A British naval presence in the South China Sea strengthens global security and Britain’s global role. But it must be matched with a more systematic approach to the region, and to China’s defiance of legal norms.
The United States and Chinese navies have just narrowly avoided a dangerous collision. This was not an accident but an escalation, a show of force on the part of the People’s Liberation Army Navy (PLAN) to drive out the US Navy from what China considers its territorial waters in the South China Sea.
The US administration pretends that its decision to withdraw from the nuclear deal with Iran is a radically new approach which may change the entire regional strategic equation, similar to the huge policy reversal towards China executed by President Nixon in the early 1970s. But the Trump White House will be disappointed; the comparisons with Nixon are misconceived.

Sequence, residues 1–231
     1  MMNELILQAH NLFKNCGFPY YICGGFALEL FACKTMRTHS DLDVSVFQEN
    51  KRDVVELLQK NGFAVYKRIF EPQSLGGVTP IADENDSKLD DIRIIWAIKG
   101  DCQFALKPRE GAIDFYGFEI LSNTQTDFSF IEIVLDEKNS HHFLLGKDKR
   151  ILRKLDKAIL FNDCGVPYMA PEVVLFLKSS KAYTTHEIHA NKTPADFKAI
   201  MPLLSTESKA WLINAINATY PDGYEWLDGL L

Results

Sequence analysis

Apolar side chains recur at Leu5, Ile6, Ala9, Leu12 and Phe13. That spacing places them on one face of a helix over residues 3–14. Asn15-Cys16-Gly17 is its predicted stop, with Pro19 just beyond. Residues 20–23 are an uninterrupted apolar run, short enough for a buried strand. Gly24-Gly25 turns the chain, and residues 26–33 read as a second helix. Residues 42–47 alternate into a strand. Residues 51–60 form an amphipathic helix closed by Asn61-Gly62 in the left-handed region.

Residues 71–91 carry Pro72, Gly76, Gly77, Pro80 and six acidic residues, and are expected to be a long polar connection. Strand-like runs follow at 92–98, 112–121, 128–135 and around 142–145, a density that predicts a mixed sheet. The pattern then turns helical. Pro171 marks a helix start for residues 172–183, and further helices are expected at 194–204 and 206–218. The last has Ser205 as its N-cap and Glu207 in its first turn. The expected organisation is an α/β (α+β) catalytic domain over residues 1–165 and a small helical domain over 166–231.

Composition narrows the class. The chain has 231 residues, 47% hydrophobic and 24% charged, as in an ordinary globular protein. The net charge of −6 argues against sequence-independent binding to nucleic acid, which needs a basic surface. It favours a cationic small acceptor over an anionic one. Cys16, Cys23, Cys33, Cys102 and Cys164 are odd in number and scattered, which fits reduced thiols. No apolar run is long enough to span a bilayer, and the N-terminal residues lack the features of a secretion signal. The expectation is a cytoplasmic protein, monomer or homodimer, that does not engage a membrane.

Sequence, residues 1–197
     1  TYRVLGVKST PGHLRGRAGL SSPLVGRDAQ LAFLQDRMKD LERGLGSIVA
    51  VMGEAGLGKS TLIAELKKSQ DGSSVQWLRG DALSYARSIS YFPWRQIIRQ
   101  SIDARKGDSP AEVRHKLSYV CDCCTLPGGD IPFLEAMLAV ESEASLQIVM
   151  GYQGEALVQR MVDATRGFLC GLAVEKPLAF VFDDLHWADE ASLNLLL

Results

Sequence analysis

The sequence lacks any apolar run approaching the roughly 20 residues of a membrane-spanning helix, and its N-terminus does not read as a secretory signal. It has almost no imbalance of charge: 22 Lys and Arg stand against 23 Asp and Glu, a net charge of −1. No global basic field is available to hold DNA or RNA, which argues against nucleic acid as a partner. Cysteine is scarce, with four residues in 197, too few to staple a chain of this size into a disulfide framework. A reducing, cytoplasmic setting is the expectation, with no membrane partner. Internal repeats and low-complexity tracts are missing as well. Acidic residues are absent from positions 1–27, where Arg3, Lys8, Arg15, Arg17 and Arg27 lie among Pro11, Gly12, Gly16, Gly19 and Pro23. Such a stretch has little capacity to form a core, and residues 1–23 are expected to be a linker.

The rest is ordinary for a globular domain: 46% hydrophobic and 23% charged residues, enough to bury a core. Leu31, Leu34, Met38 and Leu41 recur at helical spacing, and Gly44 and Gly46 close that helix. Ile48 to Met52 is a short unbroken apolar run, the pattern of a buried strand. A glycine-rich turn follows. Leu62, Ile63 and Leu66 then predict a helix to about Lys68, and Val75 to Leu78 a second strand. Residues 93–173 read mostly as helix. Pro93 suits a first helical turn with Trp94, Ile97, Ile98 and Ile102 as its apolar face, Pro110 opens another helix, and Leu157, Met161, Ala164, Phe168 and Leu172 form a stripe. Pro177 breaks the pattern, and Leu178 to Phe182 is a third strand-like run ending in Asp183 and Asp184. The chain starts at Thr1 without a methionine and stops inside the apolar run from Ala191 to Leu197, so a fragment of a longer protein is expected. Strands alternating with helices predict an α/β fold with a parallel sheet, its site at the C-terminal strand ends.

Britain and Australia face an uncertain strategic landscape. But there is much they can do together, as they deal with the two big powers which appear determined to change the current status quo: China and Russia.
The potential political acceptance of tax rises to fund the NHS is beginning to influence the debate on defence spending. Will this provide the impetus to defeat those political leaders who want to abet the decline in British military power?